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The Befana with sweet coal and candy on wooden background. Italian Epiphany day tradition (vetre/Adobe Stock)

Babbo Natale And Befana: The Italian Santa Claus Duo

Christmas and Epiphany are undoubtedly two of the most popular holidays for Italian children. Children love to be told fantastic stories and excitedly await the arrival of Babbo Natale and the Befana. Thanks to a particularly effective advertising campaign, the figure of Babbo Natale has become firmly established in the popular imagination on the Italian peninsula, especially in the cold regions of the north. On the morning of December 25, the luckiest children will joyfully open the gifts deposited under the tree at night - according to the story told by the adults - by this corpulent and benign benefactor, with a long and thick white beard, dressed in a red jacket, trousers and hat, trimmed with white fur, flying through the night sky on Christmas Eve, driving a sleigh pulled by reindeer and carrying sacks full of gifts.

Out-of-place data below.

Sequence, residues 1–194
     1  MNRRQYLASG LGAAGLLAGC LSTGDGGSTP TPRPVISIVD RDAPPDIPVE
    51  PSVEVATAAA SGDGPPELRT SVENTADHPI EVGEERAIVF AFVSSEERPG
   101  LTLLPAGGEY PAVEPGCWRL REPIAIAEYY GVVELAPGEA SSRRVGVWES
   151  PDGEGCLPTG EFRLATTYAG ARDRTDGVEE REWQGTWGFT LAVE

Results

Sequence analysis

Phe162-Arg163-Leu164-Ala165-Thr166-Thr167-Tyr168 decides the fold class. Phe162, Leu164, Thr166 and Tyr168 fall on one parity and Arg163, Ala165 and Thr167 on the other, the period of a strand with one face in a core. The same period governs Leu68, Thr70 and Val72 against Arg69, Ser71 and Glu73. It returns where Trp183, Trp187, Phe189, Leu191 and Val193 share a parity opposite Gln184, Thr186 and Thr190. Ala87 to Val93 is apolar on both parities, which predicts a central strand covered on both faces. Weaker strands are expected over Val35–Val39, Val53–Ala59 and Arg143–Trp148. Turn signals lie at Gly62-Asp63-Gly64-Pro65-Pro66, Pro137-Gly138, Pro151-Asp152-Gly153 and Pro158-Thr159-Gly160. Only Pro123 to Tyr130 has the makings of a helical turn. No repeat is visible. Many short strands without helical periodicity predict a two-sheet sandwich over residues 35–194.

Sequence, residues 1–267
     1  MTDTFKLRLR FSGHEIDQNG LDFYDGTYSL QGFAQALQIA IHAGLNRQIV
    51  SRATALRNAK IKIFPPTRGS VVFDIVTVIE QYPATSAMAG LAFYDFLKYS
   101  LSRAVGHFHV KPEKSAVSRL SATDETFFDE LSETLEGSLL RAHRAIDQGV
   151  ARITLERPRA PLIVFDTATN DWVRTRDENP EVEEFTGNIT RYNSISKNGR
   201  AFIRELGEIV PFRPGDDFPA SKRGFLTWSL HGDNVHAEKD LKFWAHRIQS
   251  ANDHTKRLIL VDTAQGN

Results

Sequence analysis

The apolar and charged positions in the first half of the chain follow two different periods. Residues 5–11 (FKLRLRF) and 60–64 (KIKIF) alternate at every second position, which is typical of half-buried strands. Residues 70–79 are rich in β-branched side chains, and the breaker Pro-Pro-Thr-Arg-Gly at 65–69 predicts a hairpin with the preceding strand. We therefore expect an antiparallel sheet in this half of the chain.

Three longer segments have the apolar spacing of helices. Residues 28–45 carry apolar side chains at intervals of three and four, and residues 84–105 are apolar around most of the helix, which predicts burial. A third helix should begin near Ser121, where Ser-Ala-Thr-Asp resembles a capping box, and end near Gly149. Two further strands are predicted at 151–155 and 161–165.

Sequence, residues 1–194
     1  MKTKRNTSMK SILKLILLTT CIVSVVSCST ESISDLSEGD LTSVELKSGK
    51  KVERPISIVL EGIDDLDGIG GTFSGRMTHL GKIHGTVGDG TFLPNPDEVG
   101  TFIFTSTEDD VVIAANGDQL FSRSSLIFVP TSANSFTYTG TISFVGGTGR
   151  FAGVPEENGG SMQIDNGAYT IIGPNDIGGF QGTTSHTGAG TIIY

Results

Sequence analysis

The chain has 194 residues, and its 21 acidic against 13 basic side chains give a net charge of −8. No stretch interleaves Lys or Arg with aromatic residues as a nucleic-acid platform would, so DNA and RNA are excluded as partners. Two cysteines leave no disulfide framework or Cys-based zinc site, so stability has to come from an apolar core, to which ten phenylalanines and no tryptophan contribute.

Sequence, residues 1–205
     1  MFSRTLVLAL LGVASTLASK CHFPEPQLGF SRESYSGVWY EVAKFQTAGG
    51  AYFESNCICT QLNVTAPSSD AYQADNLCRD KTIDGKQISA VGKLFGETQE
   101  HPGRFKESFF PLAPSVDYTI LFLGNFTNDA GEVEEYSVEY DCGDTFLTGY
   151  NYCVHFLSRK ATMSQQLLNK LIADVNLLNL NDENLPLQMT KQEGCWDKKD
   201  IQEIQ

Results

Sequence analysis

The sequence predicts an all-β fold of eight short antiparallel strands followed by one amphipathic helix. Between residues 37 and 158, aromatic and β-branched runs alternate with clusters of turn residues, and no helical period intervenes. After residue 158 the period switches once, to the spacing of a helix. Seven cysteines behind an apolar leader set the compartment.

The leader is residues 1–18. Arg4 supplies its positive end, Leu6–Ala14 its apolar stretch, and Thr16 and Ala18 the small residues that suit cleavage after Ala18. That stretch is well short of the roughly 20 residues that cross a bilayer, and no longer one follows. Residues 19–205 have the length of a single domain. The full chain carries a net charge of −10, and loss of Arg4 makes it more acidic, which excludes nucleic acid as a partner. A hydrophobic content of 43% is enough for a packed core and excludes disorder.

Antique illustration by Thomas Nast who, together with Clement Clarke Moore , helped create the modern image of Santa Claus (1881) (Public Domain)

However, in the sunnier and warmer south of Italy the Befana is preferred to him. This figure is traditionally represented as a frail and ugly old woman, dressed in patched clothes, with small glasses on her hooked nose and a big handkerchief on her head or a big woolen scarf knotted under her chin. Along with this image there is another one, which has spread in recent times: she wears a large black cone-shaped hat on her head. An old nursery rhyme (there are several variants) describes her as follows: La Befana vien di notte/con le scarpe tutte rotte/con le toppe alla sottana:/Viva viva la Befana! (The Befana arrives at night/with her broken shoes /with the patches on her skirt:/ hurray hurray, the Befana!)

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